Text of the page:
According to the WGI report, it is only possible to avoid warming of 1.5 °C (2.7 °F) or 2.0 °C (3.6 °F) if massive and immediate cuts in greenhouse gas emissions are made.[66] In a front-page story, The Guardian described the report as "its starkest warning yet" of "major inevitable and irreversible climate changes",[72] a theme echoed by many newspapers[73] as well as political leaders and activists around the world.

Communications and dissemination activities

Already in the Fifth Assessment Report, the IPCC had enhanced its communications activities, for instance by making the approved report and press release available to registered media under embargo before the release,[74] and expanding its outreach activities with an outreach calendar.[75] At the start of the Sixth Assessment Report cycle, the IPCC held an Expert Meeting on Communication in February 2016, bringing together members of the old and new Bureau and Technical Support Units with communications experts and practitioners. This meeting produced a series of recommendations.[76] Many of these were taken up subsequently by the IPCC, such as bringing people with communications expertise into the Working Group Technical Support Units, and considering communications questions early on in the preparation of reports.

This increasing professionalism in IPCC communications was followed by a significant increase in the media coverage of some IPCC reports such as the Special Report on Global Warming of 1.5ºC in 2018 and "Climate Change 2021: The Physical Science Basis" (the Working Group I contribution to the Sixth Assessment Report) in 2021, as well as public interest reflected in the youth and other movements that emerged in 2018.[77]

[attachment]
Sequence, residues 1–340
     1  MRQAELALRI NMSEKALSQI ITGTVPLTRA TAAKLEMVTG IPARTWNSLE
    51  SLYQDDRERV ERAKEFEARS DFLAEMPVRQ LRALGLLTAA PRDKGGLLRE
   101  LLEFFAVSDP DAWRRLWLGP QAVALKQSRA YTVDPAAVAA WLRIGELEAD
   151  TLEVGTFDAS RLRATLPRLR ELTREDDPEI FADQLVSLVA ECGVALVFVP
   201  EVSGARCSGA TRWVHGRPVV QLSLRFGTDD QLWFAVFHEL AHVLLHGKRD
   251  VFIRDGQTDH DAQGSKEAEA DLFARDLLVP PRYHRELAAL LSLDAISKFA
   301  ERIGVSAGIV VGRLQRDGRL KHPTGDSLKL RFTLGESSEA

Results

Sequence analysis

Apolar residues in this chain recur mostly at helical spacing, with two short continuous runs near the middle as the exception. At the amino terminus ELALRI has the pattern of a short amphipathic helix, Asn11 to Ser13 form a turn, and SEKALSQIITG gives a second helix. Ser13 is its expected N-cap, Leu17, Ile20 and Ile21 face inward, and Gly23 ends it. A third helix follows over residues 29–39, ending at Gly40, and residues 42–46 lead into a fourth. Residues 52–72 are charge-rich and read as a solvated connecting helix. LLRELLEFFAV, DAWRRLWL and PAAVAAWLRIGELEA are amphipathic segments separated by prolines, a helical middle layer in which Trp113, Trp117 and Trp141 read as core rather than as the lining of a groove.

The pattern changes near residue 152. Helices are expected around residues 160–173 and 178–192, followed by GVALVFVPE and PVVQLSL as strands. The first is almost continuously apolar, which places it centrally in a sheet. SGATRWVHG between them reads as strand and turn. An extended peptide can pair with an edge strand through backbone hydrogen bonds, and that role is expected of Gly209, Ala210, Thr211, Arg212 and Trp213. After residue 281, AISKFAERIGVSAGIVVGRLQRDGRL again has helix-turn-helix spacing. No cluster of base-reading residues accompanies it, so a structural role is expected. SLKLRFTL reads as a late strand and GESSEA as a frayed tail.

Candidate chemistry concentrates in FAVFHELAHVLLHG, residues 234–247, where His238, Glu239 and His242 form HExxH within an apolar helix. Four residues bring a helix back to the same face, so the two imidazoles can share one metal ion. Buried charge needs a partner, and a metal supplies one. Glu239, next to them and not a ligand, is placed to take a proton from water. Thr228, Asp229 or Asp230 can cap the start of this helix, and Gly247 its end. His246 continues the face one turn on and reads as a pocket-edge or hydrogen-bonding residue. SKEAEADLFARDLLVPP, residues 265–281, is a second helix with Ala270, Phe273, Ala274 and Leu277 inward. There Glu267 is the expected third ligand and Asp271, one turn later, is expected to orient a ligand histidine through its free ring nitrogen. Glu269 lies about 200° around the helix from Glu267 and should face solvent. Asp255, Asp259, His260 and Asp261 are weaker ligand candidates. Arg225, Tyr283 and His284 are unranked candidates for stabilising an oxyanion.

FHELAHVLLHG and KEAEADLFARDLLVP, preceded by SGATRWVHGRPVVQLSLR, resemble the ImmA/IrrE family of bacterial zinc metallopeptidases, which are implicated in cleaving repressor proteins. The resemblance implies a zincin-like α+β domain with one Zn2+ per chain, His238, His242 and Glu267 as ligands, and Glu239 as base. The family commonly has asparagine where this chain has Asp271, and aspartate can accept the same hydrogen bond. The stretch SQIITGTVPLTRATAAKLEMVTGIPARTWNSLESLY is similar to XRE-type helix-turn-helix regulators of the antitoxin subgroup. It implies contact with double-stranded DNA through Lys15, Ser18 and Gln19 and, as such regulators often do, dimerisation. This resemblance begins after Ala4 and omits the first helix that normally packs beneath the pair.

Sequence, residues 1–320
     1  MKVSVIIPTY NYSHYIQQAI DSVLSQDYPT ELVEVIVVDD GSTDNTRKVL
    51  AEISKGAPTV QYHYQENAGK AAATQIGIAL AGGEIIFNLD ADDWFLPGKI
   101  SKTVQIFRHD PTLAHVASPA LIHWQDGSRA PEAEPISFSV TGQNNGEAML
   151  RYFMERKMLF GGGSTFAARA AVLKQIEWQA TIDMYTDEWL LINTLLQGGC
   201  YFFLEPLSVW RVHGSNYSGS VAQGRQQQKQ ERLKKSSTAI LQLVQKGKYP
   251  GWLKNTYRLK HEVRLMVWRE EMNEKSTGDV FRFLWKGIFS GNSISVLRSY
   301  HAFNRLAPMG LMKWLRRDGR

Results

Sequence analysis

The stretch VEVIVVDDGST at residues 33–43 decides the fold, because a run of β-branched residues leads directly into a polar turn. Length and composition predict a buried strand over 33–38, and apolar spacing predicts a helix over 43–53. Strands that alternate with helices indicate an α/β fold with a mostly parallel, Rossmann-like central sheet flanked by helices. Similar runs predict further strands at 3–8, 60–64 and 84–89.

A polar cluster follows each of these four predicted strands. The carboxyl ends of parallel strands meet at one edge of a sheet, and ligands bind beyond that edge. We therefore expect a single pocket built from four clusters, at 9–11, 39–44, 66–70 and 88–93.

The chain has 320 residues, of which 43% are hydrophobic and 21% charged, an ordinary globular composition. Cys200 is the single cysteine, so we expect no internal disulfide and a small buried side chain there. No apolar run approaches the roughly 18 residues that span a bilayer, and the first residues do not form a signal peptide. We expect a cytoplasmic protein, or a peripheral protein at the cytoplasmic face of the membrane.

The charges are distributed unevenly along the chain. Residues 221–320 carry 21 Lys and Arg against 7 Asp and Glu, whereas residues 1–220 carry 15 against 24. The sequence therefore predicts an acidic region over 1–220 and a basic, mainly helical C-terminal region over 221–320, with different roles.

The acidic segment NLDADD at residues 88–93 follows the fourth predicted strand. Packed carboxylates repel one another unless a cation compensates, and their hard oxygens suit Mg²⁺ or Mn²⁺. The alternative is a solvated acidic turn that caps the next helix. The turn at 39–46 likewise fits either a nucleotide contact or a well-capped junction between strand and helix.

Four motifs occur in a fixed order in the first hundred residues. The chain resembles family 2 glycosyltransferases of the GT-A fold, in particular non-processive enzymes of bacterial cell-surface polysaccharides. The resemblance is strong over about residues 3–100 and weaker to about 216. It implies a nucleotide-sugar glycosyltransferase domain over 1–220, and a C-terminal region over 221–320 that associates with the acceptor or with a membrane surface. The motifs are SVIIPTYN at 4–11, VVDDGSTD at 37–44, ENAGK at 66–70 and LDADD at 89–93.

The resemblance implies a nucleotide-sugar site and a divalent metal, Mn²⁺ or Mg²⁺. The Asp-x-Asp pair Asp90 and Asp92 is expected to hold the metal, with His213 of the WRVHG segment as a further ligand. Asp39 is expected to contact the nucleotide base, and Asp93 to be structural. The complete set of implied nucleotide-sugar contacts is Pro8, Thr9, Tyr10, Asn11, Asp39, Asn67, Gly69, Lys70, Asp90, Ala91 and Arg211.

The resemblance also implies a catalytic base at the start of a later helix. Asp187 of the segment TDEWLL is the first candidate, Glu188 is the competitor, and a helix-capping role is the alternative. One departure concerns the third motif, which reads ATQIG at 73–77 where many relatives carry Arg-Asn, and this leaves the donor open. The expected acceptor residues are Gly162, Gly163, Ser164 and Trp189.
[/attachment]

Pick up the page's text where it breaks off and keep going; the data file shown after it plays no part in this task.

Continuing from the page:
The importance of IPCC reports for public awareness of climate change and related policymaking has led to number of academic studies of IPCC communications. The journal "Climatic Change" published a "Topical Collection" on IPCC communications with contributions from communications scientists and IPCC insiders, launched at the annual climate conference COP26 in Glasgow.[78][79]


Papers and electronic files of certain working groups of the IPCC, including reviews and comments on drafts of their Assessment Reports, are archived at the Environmental Science and Public Policy Archives in the Harvard Library, as well as on the IPCC website.

Other reports

Special reports

In addition to climate assessment reports, the IPCC publishes Special Reports on specific topics. The preparation and approval process for all IPCC Special Reports follows the same procedures as for IPCC Assessment Reports. In the year 2011 two IPCC Special Report were finalized, the Special Report on Renewable Energy Sources and Climate Change Mitigation (SRREN) and the Special Report on Managing Risks of Extreme Events and Disasters to Advance Climate Change Adaptation (SREX). Both Special Reports were requested by governments.[80]

Special Report on Emissions Scenarios (SRES)